Up to London to meet an old friend today - sketching from the train window and later as I watched Londoners cross the Farringdon road.
To Farringdon and back
W is for Wellington
Pax hill: May trees
I is for Interchange retail park
A stump of dead tree, a parched shrub, and the territorial song of the jackhammer destroying a new shop to put up an even more spanking new shop: no wonder the world's in a mess.
The interchange retail park is a soulless place, a materialist's shrine designed to welcome hundreds of fossil-fuel-burning pilgrims with bank accounts.
The few surviving trees and the grass between the paving slabs remind shoppers of the natural world which their behaviour is destroying. Strangely the pilgrims all looked tired and fed up - despite the invitations to drink coffee, vape, and munch fast food. I wonder why.
Two quick sketches
The first, a few days ago, is of the old railway cutting - the Old Warden Tunnel Nature Reserve - just off the Southill Road above Cardington. The second, today, is of the old 'Lincoln Arms', now a private residence off Goldington Green.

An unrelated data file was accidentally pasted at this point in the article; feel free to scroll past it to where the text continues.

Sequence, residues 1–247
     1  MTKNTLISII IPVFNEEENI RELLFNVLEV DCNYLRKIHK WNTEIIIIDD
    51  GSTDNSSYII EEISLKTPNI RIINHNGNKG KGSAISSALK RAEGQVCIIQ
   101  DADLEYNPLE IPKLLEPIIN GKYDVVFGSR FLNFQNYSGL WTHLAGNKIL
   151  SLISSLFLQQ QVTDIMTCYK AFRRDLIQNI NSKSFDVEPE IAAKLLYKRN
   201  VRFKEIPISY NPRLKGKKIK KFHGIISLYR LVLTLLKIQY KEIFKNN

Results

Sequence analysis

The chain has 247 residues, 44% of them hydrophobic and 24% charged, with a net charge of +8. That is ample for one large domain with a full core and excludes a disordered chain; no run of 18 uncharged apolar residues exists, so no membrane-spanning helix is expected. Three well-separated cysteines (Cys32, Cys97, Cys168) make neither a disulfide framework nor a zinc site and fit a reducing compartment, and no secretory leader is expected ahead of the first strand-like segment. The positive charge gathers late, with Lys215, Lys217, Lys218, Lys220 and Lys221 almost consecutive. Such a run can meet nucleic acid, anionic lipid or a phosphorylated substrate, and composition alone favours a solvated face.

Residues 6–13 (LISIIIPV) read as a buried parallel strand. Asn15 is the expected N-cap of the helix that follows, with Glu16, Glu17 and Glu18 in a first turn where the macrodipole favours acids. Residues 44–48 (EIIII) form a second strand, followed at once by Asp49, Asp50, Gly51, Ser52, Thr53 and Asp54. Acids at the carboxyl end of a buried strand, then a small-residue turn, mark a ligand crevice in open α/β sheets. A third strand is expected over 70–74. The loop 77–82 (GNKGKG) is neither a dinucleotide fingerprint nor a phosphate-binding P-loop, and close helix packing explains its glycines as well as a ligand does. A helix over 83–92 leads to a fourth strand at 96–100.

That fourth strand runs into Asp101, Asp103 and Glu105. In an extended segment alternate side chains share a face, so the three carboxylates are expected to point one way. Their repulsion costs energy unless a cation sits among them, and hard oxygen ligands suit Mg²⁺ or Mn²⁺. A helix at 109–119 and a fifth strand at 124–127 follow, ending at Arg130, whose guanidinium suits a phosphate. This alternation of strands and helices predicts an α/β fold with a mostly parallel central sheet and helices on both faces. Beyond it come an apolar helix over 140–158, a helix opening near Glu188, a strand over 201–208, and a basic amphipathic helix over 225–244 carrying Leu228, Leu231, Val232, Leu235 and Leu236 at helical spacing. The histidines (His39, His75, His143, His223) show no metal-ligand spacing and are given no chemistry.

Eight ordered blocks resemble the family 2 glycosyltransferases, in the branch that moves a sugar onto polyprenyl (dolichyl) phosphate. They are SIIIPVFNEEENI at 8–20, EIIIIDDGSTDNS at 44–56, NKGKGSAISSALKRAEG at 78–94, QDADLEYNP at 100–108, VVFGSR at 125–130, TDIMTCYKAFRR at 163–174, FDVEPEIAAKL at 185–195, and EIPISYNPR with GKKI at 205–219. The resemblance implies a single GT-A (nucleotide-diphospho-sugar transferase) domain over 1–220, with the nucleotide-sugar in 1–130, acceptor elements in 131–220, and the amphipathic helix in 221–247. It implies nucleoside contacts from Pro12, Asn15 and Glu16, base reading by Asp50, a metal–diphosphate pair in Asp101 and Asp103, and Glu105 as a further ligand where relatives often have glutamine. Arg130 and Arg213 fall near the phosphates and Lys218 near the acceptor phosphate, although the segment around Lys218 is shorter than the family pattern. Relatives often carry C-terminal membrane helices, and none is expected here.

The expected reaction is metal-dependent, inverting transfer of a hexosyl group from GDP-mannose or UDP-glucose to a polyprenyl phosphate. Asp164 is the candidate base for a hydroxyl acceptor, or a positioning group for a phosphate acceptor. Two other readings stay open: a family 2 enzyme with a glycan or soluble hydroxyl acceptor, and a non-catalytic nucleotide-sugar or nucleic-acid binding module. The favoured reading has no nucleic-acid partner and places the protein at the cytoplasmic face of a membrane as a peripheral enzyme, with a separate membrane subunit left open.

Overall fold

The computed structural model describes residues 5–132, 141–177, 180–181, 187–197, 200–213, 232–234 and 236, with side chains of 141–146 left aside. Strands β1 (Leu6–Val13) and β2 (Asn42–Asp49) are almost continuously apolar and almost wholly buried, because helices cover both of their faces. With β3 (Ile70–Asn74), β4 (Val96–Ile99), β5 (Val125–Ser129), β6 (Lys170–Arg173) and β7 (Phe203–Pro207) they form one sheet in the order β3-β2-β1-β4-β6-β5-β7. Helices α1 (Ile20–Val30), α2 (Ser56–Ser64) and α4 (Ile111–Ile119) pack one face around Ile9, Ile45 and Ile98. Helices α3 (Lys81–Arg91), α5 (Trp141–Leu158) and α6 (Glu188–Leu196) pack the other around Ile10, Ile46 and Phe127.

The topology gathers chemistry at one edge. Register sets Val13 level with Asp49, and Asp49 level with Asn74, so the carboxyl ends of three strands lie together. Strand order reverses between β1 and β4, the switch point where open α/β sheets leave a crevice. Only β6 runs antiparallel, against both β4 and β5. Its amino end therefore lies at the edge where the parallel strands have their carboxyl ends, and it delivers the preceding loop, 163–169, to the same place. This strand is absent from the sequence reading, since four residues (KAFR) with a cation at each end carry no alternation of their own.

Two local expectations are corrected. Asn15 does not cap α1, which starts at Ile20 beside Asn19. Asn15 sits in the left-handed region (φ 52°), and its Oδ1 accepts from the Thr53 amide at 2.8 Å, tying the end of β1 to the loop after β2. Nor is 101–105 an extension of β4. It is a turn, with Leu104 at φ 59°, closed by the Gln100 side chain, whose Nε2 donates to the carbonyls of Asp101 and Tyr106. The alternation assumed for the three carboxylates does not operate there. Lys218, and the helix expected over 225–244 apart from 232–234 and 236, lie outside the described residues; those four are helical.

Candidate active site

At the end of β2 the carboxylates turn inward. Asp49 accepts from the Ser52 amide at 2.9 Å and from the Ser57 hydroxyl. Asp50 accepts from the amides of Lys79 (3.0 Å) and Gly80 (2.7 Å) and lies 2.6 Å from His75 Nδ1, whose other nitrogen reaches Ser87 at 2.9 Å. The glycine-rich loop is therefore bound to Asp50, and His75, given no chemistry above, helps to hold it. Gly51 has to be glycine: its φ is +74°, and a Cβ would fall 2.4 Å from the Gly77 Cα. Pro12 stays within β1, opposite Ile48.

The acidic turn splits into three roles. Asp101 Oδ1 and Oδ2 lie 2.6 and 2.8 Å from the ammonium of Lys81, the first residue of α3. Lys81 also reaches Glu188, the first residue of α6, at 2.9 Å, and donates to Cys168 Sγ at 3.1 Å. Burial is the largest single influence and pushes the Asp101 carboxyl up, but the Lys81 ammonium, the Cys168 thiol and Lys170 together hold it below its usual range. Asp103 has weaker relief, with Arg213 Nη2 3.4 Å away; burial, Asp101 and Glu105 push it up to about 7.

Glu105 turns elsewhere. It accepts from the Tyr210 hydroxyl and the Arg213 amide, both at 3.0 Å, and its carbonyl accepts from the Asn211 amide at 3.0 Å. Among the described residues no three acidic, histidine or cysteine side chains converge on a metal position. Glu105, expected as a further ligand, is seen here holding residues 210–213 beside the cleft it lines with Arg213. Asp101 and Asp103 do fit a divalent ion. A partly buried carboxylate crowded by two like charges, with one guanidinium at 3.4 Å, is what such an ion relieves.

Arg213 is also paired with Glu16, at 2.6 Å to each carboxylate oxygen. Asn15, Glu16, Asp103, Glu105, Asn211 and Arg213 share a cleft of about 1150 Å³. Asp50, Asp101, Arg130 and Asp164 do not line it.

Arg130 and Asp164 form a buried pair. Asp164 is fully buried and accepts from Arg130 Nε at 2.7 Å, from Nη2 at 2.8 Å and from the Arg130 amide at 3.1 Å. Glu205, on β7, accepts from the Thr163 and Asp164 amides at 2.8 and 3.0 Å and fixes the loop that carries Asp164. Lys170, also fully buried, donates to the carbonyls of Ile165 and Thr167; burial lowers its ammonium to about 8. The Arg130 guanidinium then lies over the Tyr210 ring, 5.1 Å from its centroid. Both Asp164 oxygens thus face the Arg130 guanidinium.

Sometimes it's hard to keep going - overwhelmed, tired, losing confidence. But these sketches come out of such a time, when I've just been pressing on, keeping going. I wish I had a good waterproof ink pen.
Today I adjusted a previous sketch of Sharpenhoe Clappers, the dramatic Chiltern escarpment just north of Luton.
The photos look pretty similar but I worked on defining the clouds, and pulling the sunlight over the hill to touch the tree-tops. It struck me that I had inadvertently painted three worlds - field, hill and sky. Trees are the overlap, and since those on the hill are planted in memory of two sons killed in war, that seems appropriate. The solitary sunlit tree starkly confronts with its new life. Larkin - 'begin afresh, afresh, afresh'.
Q is for Queen's
May 19th, 2023